JOHNSON: We are very aware of dealer closings, and we are seeing more of this happening this year. We don’t believe the business is going away. In some cases, the business is moving down the street. In some cases, the business is migrating to dealers with a stronger Internet presence. Our goal and hope is that good dealers with strong selling and merchandising skills will survive the current economic climate. We have seen these cycles before, and strong retail operators will survive and thrive in the long-term.

DN: Which PG&A product segments – ATV, sportbike, cruiser, UTV hard parts; on-road apparel; off-road apparel; helmets – are showing growth? Which are declining?
JOHNSON: We are continuing to see growth in most of our segments. Off-road apparel is a little soft compared to prior years, but we are seeing good growth with in the ATV area; UTV is providing nice growth numbers; and on-road components are continuing to grow.

DN: How many new vendors did TR add in the past year? Are there any suppliers who “left” the line-up?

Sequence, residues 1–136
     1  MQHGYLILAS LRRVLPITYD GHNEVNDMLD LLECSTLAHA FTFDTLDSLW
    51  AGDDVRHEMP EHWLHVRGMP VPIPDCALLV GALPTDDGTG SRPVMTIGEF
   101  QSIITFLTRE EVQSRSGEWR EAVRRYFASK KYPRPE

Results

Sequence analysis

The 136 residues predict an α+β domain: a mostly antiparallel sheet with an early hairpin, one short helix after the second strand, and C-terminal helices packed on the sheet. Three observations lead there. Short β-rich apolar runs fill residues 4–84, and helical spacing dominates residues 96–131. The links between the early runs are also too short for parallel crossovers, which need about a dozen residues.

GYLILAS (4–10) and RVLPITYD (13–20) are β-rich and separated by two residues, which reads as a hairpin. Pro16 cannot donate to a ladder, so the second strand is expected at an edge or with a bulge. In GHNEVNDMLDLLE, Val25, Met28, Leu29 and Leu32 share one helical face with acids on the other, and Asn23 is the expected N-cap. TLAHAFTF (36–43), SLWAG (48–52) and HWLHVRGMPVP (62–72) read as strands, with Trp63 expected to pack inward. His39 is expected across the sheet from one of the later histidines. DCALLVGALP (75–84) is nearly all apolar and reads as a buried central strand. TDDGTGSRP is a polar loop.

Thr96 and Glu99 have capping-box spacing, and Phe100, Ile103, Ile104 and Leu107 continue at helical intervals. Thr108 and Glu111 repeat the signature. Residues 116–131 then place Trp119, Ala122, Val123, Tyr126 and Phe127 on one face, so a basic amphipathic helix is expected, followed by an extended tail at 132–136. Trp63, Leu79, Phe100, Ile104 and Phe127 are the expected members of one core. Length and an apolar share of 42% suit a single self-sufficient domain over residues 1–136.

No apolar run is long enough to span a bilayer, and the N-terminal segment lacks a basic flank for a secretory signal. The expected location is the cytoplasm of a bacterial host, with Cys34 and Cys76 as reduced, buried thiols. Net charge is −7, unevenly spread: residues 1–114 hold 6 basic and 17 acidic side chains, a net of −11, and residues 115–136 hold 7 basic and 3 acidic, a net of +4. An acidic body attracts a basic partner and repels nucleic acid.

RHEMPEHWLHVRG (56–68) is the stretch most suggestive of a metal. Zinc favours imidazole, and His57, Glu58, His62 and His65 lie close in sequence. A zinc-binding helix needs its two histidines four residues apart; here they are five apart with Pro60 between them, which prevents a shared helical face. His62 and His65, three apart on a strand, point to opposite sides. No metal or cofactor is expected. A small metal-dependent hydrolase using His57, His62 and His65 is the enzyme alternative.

JOHNSON: We added about 100 new suppliers and there are a few that have been discontinued either because of poor performance or going out of business.

DN: How many SKUs, in total, does TR have?
JOHNSON: That is a moving target and always growing, but we probably are close to 100,000 SKUs available.

DN: Why did TR come out with a new apparel line, Speed & Strength? Who are you targeting with the brand?
JOHNSON: We added Speed & Strength to fill a void that we had in our product portfolio. We have River Road, which is primarily the black leather traditional cruising market; and we have First Gear, which has been designed for the consumer that is looking for quality and high functionality touring clothing. We recognized that we were missing a segment of the market that wanted current fashion designs combined with functionality at an affordable price. We are very fortunate to have linked with Bruce Parker, the father of Joe Rocket, to be our partner in bringing Speed & Strength to market. Bruce understands the apparel side of the motorcycle industry and has done an outstanding job in taking that knowledge and linking it with great design efforts to create new excitement for the dealers and the consumers.

DN: What kind of programs does TR have to aid dealers in moving product? Do those come from TR or the vendor company?